Upper Division
CPSC 326 Organization of Programming Languages 3 credits
CPSC 346 Operating Systems 3 credits
One of the following two courses:
    CPSC 351 Theory of Computation
    CPSC 450 Design and Analysis in Computer Algorithms
3 credits
CPSC 491 Software Engineering 2 credits
CPSC 491L Senior Design Project Lab I  1 credit
CPSC 492L Senior Design Project Lab II 3 credits
CPSC 499 Computers and Society 1 credit
II. Engineering Requirements: 8 credits
CPEN 230/CPEN 230L Introduction to Digital Logic 4 credits
CPEN 231/CPEN 231L Microcomputer Architecture and Assembly Language Programming 4 credits
III. Computer Science Electives: 21 credits
CPSC 200 level and above General elective 6 credits
CPSC 300 or 400 level Tech elective

    excluding CPSC 423, 435, and 436

15 credits
IV. Science: 4-5 credits
Science Requirements.  Either a, b, or c is required: 4-5 credits
   a. BIOL 105/L
   b. CHEM 101/L
   c. PHYS 103/L
V. Mathematics Requirements: 17 credits
   MATH157 Calculus-Analytic Geometry I 4 credits
   MATH 231 Discrete Structures 3 credits
   MATH 258 Calculus-Analytic Geometry II 4 credits
Two courses from the following are required: 6 credits
   MATH 260 Ordinary Differential Equation
   ENSC 371 Advanced Engineering Math
   CPSC 455 Chaos and Dynamical Systems
   any 300 or 400 level Mathematics course
VI: Science and Mathematics Electives:                                      (not already chosen to meet requirements above) 11 credits
   BIOL 105/L Information Flow in Biological Systems and Lab
   BIOL 205/L Physiology & Biodiversity and Lab
   BIOL 206/L Ecology and Lab
   BIOL 207/L Genetics and Lab
   CHEM 101/L General Chemistry and Lab
   CHEM 206/L Inorganic Chemistry and Lab
   CHEM 230/L Organic Chemistry and Lab
   CPSC 455 Chaos and Dynamical Systems
   ENSC 371 Advanced Engineering Math
   PHYS 103/L Scientific Physics I and Lab
   PHYS 204/L Scientific Physics II and Lab
   PHYS 205/PHYS 217 Modern Physics and Lab
   MATH 259 Calculus-Analytic Geometry III
   MATH 260 Ordinary Differential Equation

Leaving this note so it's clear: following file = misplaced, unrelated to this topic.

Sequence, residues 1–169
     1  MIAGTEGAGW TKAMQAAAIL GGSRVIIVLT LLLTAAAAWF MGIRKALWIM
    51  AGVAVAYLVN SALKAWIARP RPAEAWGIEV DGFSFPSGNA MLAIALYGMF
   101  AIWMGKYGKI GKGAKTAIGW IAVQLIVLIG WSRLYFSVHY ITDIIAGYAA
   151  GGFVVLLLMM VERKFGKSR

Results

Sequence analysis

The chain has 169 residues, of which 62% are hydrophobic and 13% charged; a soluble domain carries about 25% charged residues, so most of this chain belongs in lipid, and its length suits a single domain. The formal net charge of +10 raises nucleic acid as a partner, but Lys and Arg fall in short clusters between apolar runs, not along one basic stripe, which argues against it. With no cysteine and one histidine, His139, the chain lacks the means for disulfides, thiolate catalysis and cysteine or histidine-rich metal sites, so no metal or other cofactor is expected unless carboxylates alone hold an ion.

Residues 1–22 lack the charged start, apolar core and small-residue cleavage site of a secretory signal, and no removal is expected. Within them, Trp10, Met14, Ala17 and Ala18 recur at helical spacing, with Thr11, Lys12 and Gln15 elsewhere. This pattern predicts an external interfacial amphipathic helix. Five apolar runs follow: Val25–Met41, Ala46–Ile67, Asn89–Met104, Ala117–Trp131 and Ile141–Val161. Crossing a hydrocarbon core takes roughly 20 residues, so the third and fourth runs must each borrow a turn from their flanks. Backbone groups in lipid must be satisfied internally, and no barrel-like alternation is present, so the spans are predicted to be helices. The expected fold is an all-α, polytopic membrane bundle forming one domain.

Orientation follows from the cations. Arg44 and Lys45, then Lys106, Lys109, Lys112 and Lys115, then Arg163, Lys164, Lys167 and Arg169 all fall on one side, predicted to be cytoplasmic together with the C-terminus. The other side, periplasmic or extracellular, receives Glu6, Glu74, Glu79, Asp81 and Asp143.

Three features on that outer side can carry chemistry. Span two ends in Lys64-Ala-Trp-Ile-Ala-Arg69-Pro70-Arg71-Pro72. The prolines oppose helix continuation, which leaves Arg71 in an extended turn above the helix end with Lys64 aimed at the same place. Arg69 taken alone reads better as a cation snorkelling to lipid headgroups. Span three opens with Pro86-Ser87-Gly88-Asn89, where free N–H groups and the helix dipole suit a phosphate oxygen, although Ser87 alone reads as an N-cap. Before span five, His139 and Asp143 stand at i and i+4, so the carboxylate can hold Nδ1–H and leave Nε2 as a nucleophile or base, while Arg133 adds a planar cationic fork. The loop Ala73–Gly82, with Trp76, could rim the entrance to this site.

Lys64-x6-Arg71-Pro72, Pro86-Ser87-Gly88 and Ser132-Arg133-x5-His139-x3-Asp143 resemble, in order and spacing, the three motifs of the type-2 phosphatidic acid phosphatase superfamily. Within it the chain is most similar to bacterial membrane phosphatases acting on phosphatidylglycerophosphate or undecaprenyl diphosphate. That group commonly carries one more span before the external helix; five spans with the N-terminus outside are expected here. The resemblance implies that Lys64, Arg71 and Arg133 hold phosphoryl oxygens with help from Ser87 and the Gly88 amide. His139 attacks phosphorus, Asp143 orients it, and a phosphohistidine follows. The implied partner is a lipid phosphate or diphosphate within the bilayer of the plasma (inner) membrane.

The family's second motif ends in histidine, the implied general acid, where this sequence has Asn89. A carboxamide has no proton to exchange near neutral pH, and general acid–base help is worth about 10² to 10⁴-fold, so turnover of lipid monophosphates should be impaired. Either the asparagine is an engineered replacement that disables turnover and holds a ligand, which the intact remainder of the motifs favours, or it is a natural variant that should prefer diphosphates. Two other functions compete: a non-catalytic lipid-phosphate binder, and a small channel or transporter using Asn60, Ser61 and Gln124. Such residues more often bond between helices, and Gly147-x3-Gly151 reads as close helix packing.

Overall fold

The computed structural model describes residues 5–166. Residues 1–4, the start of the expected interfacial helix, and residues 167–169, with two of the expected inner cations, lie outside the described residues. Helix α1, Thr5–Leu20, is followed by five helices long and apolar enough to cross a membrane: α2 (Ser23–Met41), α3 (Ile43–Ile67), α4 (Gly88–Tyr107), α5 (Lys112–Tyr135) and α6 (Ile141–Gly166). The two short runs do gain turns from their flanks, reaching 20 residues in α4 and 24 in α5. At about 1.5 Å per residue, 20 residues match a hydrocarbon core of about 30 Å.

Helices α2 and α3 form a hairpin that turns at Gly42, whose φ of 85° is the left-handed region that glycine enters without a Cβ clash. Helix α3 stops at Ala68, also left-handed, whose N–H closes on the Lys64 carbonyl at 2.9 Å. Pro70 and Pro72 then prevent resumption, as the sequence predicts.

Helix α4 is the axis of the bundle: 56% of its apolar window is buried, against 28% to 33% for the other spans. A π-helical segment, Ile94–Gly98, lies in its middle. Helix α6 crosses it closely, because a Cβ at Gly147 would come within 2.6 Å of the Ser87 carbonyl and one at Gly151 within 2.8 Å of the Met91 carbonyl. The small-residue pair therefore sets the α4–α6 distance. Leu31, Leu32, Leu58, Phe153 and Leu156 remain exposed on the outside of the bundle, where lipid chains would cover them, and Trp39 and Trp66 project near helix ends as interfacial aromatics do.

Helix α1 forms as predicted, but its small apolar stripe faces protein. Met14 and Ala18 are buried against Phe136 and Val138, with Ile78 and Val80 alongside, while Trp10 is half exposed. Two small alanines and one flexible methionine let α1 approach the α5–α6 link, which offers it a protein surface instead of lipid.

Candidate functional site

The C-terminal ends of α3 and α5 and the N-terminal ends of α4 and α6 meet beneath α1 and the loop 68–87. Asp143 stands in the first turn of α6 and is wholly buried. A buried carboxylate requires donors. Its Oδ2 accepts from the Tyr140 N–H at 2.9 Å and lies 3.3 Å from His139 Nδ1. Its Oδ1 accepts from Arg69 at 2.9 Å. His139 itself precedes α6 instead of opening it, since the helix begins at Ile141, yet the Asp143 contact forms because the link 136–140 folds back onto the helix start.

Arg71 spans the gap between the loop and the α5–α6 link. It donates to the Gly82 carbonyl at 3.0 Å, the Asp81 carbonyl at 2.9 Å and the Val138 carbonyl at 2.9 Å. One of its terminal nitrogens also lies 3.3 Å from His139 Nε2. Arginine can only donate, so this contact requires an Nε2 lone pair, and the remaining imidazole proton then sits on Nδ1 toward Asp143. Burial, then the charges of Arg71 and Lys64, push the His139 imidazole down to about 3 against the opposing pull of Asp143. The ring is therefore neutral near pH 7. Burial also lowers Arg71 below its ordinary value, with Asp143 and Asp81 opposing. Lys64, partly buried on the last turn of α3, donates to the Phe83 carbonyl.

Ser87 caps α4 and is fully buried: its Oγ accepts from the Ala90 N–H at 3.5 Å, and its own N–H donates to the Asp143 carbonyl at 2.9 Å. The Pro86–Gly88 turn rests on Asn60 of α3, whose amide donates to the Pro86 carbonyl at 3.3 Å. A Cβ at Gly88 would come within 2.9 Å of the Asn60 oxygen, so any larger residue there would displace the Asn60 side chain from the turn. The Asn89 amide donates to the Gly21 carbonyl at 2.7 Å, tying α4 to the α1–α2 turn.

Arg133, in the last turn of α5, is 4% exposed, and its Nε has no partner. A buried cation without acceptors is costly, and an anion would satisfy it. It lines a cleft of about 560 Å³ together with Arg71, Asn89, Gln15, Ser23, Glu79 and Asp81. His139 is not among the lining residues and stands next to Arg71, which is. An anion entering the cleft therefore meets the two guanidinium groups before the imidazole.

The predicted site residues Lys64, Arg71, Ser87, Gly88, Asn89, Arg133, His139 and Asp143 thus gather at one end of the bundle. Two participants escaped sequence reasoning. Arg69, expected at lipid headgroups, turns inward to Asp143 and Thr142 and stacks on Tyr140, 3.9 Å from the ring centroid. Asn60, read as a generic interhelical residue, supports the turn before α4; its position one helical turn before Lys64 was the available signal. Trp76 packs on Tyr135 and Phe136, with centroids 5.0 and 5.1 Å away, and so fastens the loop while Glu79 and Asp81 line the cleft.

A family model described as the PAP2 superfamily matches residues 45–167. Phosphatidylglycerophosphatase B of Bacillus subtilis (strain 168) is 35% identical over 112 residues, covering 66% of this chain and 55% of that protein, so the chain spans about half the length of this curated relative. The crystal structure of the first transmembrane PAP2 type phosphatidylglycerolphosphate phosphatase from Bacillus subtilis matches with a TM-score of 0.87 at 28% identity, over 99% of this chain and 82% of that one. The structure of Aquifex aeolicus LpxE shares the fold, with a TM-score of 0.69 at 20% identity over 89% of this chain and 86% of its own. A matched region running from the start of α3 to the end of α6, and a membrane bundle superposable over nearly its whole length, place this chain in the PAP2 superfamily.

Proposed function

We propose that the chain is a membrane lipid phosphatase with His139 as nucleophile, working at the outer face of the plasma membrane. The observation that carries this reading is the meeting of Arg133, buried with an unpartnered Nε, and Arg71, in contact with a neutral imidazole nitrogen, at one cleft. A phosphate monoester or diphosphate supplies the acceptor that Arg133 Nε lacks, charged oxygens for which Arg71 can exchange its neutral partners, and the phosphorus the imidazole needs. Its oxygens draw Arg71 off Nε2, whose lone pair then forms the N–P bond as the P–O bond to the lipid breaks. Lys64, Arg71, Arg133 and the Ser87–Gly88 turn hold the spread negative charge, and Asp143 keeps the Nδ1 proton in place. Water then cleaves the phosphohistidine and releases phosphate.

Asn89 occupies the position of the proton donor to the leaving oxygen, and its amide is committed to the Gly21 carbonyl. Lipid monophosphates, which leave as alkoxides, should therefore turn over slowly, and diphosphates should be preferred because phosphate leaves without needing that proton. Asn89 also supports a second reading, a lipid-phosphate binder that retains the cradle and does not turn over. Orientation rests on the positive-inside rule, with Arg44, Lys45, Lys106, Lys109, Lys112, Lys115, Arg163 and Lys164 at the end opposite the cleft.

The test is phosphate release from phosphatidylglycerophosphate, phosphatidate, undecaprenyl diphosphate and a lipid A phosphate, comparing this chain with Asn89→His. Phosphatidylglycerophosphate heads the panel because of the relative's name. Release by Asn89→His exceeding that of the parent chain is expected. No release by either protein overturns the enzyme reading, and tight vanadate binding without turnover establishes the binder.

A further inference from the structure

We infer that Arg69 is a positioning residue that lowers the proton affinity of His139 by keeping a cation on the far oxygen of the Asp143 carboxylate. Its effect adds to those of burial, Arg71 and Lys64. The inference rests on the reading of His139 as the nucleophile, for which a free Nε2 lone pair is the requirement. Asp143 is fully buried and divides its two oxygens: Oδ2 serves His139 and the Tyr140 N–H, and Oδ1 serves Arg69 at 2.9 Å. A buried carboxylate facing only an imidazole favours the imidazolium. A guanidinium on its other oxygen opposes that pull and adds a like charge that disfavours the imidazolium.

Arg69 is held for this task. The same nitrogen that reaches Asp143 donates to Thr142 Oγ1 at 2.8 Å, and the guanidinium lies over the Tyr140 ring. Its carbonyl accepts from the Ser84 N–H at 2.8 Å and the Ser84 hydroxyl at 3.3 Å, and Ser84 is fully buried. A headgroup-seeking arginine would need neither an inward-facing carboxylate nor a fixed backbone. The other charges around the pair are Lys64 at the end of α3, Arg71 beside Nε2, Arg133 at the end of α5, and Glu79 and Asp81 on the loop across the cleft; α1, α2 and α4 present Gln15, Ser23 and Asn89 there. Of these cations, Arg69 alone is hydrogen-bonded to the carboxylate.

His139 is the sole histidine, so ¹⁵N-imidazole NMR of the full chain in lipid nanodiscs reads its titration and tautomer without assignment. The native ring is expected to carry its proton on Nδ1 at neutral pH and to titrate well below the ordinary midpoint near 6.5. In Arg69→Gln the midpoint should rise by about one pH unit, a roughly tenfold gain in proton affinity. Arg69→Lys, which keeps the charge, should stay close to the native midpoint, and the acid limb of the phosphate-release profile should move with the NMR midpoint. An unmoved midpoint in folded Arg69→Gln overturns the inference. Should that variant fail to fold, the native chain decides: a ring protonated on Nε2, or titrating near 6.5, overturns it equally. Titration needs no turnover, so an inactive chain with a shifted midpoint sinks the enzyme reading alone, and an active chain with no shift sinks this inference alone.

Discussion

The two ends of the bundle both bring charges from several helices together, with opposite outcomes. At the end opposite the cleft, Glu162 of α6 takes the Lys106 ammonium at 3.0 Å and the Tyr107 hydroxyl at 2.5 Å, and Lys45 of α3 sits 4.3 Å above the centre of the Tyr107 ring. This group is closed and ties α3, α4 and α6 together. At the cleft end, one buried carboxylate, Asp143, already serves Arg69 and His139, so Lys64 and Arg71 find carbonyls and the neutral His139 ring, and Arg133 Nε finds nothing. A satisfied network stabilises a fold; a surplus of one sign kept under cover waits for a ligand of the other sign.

any 300 or 400 level Mathematics course


Minor in Computer Science (18 credits)
CPSC 121 Computer Science I 3 credits
CPSC 122 Computer Science II 3 credits
Any four 200, 300, or 400 CPSC courses 12 credits

In addition to their major and minor areas of study, all undergraduate students follow a common program designed to complete their education in those areas that the University considers essential for a Catholic, Jesuit, liberal, and humanistic education. The University Core Curriculum consists of forty-five credits of course work, with additional designation requirements that can be met through core, major, or elective courses.

The University Core Curriculum is a four-year program, organized around one overarching question, which is progressively addressed through yearly themes and questions. Hence, core courses are best taken within the year for which they are designated. First year core courses encourage intellectual engagement and provide a broad foundation of fundamental skills. Second and third year courses examine central issues and questions in philosophy and religious studies. The fourth year course, the Core Integration Seminar, offers a culminating core experience. Taken at any time throughout the four years, broadening courses intersect with the core themes and extend students’ appreciation for the humanities, arts, and social and behavioral sciences. Finally, the designation requirements (writing enriched, global studies, and social justice) reflect important values and reinforce students’ knowledge and competencies.